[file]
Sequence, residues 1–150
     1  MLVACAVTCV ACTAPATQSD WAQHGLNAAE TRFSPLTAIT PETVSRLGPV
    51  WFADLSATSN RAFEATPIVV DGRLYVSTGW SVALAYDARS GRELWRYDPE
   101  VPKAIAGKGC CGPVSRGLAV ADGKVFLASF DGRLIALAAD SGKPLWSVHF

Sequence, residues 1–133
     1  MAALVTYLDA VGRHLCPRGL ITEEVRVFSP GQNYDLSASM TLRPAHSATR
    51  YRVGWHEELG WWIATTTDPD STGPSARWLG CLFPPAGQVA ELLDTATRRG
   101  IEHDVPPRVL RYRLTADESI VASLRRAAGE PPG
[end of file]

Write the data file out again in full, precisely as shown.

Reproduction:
Sequence, residues 1–150
     1  MLVACAVTCV ACTAPATQSD WAQHGLNAAE TRFSPLTAIT PETVSRLGPV
    51  WFADLSATSN RAFEATPIVV DGRLYVSTGW SVALAYDARS GRELWRYDPE
   101  VPKAIAGKGC CGPVSRGLAV ADGKVFLASF DGRLIALAAD SGKPLWSVHF

Sequence, residues 1–133
     1  MAALVTYLDA VGRHLCPRGL ITEEVRVFSP GQNYDLSASM TLRPAHSATR
    51  YRVGWHEELG WWIATTTDPD STGPSARWLG CLFPPAGQVA ELLDTATRRG
   101  IEHDVPPRVL RYRLTADESI VASLRRAAGE PPG